Armstrong remains both a liar and an inspiration

Phil Bird Roar Guru

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    Lance Armstrong's legacy may be to rip world cycling apart as he continues to ignore doping allegations made by former US Postal teammates and staff (Image: AFP)

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    Lance Armstrong’s admission to Oprah Winfrey he is a drug cheat, while avoiding the less comfortable accusations of bribery, defamation and coercion, doesn’t mean his achievements should be any less inspiring to cancer sufferers, their families and cycling fans the world over.

    So why did he do it?

    In his own words, he is, “A guy who expected to get whatever he wanted and to control every outcome.”

    And he certainly attempted to control the interview, offering the occasional justification which came across more petulant than convincing.

    He laboured on his disease, “Before my diagnosis I would say I was a competitor, but I wasn’t a fierce competitor, and in an odd way, that process turned me into a person that was truly win at all costs.

    “When I was diagnosed and I was being treated I said I will do anything to survive… that ruthless and relentless and win at all costs attitude, and put it right into cycling”

    The justification sat awkwardly, like a racial slur.

    When questioned on the governing body’s inability to nail him for drug use throughout his career, Armstrong noted that his United States Postal Service team “was definitely professional and it was definitely smart”, yet the scale of this particular achievement is tempered by the proven incompetence at the UCI and ASADA.

    In Armstrong’s own words, “There was no testing out of competition for most of my career so you’re not going to get caught [as] we were clean at the races.”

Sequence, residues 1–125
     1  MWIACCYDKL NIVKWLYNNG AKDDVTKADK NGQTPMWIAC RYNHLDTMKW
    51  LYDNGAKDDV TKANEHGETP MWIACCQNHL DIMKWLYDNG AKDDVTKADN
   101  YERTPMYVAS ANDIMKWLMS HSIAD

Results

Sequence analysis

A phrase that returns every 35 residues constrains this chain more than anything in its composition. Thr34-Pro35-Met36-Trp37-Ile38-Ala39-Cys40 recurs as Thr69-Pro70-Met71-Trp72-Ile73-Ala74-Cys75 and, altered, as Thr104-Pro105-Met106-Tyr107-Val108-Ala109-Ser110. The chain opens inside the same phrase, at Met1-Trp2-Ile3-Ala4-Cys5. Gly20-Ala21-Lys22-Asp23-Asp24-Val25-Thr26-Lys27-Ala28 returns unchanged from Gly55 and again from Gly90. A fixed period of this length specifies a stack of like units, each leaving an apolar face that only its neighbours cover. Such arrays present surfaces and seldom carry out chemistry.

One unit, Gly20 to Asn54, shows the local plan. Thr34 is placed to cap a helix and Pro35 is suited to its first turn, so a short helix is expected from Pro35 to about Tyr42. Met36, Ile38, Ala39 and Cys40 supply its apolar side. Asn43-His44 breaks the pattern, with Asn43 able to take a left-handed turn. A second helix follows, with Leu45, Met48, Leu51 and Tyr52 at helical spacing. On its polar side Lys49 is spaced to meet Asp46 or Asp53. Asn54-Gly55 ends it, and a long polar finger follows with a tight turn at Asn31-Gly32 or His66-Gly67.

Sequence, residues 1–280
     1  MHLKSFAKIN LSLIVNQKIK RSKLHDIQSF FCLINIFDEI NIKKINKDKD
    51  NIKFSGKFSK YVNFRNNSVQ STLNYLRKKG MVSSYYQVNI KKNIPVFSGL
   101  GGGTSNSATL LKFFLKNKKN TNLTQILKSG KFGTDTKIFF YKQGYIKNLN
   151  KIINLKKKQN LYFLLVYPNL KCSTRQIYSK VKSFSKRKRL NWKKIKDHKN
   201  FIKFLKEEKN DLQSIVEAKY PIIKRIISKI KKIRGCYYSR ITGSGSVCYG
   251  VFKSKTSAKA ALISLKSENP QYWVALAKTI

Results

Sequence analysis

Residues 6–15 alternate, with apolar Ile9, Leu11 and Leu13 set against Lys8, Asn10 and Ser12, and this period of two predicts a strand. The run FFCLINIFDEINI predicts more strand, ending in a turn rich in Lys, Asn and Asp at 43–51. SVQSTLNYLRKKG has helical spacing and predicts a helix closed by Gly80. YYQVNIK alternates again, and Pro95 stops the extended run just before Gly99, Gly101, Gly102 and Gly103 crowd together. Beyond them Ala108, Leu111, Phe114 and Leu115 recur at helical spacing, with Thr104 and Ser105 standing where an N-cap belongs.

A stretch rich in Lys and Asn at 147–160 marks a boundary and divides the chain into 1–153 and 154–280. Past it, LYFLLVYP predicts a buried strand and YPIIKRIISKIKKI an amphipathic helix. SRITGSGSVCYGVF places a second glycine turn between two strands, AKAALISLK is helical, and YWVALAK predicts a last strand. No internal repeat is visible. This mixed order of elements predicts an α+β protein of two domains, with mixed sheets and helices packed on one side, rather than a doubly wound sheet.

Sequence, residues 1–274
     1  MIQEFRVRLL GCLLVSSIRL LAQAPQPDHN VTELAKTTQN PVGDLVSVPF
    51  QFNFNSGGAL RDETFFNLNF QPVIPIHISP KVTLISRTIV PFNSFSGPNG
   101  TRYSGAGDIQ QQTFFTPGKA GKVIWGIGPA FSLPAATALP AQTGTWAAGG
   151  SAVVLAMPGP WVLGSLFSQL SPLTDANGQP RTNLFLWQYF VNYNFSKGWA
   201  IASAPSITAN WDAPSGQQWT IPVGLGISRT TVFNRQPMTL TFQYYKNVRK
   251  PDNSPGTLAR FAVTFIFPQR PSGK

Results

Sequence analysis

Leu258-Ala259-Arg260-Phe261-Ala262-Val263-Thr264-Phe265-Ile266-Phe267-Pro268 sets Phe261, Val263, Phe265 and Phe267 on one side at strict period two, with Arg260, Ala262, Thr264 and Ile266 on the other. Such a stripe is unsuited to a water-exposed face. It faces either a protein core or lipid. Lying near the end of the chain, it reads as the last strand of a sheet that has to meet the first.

Taking drugs in elite cycling was, “As common as putting air in your tyres, as putting water in your bottles.”

    He then went on to say it was not possible to win the Tour de France in his generation without the use of drugs, implying the widespread nature of drugs in the sport.

    So can anything actually be done for the sport?

    At one point Armstrong offers, “If there was a truth and reconciliation commission… I’d be the first man on the door.”

    Yet in this viciously competitive environment, such that cycling is, asking every man to put their drugs away is like asking soldiers to shoot with paintballs in the hope the enemy also complies.

    For Armstrong, his key achievement in this interview was in jumping on the grenade and not taking down his co-conspirators in the process.

    And for this he wins many points.

    Yes, detractors will claim that if mud is being slung it will stick to Armstrong the most, and therefore has every reason not to bring others into the dog-fight.

    Yet there’s something honourable about a man falling on his sword, like the captain who goes down with the ship; whether he has a say in the matter or not, there is a certain dignity in it.

    Armstrong is still an inspiration, through his achievements, not his words.

    He still beat cancer. He then came out in an elite sport where drugs are the norm, an even playing field, and won the Tour de France seven times.

    He remains a true champion, and hopefully can continue to inspire people affected by cancer the world over. Keep the wrist bands on.